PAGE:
It’s been a quiet year on the big screen for our Keira. Shying away from her role as Elizabeth Swan in the latest Pirates of the Caribbean motion was perhaps the wisest move of her career, opting instead for the stage in Children’s Hour and an adaptation of Kazuo Ishiguro ‘s Never Let Me Go.
It’s been a quiet year on the big screen for our Keira. Shying away from her role as Elizabeth Swan in the latest Pirates of the Caribbean motion was perhaps the wisest move of her career, opting instead for the stage in Children’s Hour and an adaptation of Kazuo Ishiguro ‘s Never Let Me Go. Now she stars as writer Joanna opposite Sam Worthington, who has tossed aside his shield and smurf blue alias in a bid to prove there’s some mind to the meat in Massy Tadjedin’s tantalising Last Night.
Knightley, who has worked with Tadjedin in 2005’s The Jacket takes a rare trip to the modern day, beginning her story arm in arm with business exec hubs Michael (Worthington.) It’s your typical contemporary city set up; large loft apartment, happy, educated, healthy couple, well Worthington anyway as Knightley is in desperate need of feeding up and having her fringe trimmed. The sort of couple you secretly hope something goes wrong for.
Cue Mendes’ Laura, Michael’s colleague and a curvy nemesis for wedded bliss. It’s a pity that Mendes is rarely seen outside the role of homewrecker and general temptress, but she excels as the path that could or could not lead Michael to smash in his vows.
After a brief insight into the couple’s glorious life Michael must leave for a business trip in Philadelphia with, not surprisingly, Laura and their team. Whilst away Joanna bumps into old Parisian flame Alex (an unnervingly charming Guillaume Canet) and meets him for dinner.
The next hour or so is visual fourplay, with each shot expertly choreographed as husband and wife play out the motions that will lead them to the inevitable crunch point and the will they won’t they dilemma.
The dialogue does address some key theoretical questions that engage you in the story; the concept of marrying too young, would you stay with a person if they were unfaithful, is there anything in fact wrong with being attracted to somebody else, even? Minor characters bring out the uncomfortably truth in the Joanna and Matt individually, and it is apparent even the most content of marriages are not entirely satisfying.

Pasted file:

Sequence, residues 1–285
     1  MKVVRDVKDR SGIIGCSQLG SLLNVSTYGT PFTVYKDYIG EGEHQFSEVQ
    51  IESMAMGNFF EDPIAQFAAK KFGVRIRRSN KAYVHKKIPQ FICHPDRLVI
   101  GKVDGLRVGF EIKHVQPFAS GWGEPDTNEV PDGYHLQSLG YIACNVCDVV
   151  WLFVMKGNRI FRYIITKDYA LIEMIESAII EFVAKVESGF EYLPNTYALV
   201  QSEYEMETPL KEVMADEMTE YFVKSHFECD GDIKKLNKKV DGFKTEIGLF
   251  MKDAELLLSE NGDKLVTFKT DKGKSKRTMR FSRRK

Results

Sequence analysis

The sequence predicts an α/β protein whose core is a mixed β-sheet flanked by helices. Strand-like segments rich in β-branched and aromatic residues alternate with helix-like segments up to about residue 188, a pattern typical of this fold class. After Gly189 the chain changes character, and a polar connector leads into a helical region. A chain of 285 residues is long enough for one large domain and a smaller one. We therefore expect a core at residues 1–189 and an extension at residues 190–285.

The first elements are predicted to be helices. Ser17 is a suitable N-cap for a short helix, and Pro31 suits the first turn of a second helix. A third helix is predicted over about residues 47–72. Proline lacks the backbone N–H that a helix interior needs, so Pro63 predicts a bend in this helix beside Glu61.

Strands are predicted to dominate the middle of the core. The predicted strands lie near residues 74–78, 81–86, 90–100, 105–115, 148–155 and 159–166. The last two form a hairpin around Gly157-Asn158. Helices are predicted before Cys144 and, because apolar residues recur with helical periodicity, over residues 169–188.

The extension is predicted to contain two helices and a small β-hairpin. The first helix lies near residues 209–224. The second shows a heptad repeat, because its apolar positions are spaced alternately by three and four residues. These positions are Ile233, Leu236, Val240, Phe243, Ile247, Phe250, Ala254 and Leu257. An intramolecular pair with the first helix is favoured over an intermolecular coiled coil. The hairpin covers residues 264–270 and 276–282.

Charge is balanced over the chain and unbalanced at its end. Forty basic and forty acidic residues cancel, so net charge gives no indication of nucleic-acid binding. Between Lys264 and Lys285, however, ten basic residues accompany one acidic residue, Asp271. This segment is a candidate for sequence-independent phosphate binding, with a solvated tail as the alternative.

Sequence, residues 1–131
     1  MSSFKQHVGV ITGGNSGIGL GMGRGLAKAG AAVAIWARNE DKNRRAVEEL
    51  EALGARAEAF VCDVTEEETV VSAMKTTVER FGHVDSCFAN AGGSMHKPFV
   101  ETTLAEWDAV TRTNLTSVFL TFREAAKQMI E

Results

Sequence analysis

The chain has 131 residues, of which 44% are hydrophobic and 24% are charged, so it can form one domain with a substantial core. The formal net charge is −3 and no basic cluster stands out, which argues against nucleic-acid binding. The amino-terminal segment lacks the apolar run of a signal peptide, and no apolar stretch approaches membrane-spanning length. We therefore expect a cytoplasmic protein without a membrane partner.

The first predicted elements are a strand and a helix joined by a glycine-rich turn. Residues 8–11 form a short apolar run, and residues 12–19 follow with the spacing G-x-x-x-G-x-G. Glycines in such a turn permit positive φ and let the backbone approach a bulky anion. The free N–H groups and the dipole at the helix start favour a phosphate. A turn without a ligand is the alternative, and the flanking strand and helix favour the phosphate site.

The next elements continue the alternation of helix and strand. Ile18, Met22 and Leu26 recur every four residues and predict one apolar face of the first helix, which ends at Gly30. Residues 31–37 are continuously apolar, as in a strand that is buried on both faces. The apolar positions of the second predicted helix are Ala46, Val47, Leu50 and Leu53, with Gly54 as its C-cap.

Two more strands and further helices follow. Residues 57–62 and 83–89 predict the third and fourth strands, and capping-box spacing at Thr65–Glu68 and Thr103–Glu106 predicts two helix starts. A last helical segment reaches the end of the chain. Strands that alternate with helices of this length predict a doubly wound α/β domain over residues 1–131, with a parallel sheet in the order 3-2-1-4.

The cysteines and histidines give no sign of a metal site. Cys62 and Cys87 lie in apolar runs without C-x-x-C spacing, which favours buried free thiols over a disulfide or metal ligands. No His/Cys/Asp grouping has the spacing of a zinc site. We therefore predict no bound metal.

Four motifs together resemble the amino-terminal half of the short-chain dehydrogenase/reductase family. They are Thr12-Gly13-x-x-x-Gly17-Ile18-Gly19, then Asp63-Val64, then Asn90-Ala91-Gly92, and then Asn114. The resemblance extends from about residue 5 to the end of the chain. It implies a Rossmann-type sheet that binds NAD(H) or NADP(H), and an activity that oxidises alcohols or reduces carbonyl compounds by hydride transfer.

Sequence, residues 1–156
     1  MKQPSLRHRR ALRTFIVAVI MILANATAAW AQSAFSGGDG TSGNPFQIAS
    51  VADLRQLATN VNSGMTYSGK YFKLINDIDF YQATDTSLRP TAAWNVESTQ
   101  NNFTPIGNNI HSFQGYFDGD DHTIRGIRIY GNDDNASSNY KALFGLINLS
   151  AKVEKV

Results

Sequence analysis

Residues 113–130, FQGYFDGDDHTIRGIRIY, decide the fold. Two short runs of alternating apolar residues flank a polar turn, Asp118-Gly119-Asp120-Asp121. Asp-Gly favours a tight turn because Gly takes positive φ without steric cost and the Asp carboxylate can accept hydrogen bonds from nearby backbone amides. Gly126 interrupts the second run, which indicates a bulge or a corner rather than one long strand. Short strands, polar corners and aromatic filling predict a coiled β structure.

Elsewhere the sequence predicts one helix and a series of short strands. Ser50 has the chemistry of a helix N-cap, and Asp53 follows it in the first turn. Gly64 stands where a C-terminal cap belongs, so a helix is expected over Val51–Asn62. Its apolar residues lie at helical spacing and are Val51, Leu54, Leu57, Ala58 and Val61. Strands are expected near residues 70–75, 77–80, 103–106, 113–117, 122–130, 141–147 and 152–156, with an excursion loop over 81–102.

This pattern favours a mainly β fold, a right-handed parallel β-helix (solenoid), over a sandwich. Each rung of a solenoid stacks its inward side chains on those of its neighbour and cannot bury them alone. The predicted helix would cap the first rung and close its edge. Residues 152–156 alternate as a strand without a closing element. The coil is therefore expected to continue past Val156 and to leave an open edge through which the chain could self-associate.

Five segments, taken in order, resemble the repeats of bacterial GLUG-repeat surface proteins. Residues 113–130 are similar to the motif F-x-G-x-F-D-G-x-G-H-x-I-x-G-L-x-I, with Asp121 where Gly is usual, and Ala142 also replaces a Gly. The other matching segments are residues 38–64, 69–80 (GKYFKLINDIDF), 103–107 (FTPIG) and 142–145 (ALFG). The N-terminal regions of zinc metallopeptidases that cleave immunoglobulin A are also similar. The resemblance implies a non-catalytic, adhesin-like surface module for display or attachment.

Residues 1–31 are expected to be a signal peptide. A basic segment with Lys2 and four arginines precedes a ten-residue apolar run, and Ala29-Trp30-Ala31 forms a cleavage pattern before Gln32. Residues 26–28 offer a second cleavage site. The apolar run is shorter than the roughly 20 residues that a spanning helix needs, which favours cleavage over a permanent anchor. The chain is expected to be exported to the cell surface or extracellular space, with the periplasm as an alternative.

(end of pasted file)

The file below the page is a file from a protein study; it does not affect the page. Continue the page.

A dismal tone is conveyed then, and unfortunately both central characters are not given enough backstory to warrant a genuine reaction to. Worthington’s lines are monosyllabic and limited, Knightley pouts more than she does speak. Little is given to highlight the sort of couple that they are except that they married young. In fact it’s Canet and Mendes characters that are more fascinating to behold. What should be a couple of catalysts for the leads instead prove a complex sub level of emotions, and results in a refreshing take on cheating. Mendes is certainly the most interesting character, with a no mess approach to attempting to woe Michael and an unashamed means to telling him about her past. Canet in turn does well to gain sympathy as the shunned flame that filled the space during the couple’s brief break up.
There is an undoubted element of suspense that threads through the film, and it is this more than the couple’s chemistry that keeps you watching. The conclusion isn’t groundbreaking and falls away before any real consequence can be absorbed, but Tadjedin manages to keep the thrill of the chase up for long enough that you remain interested throughout the entire film.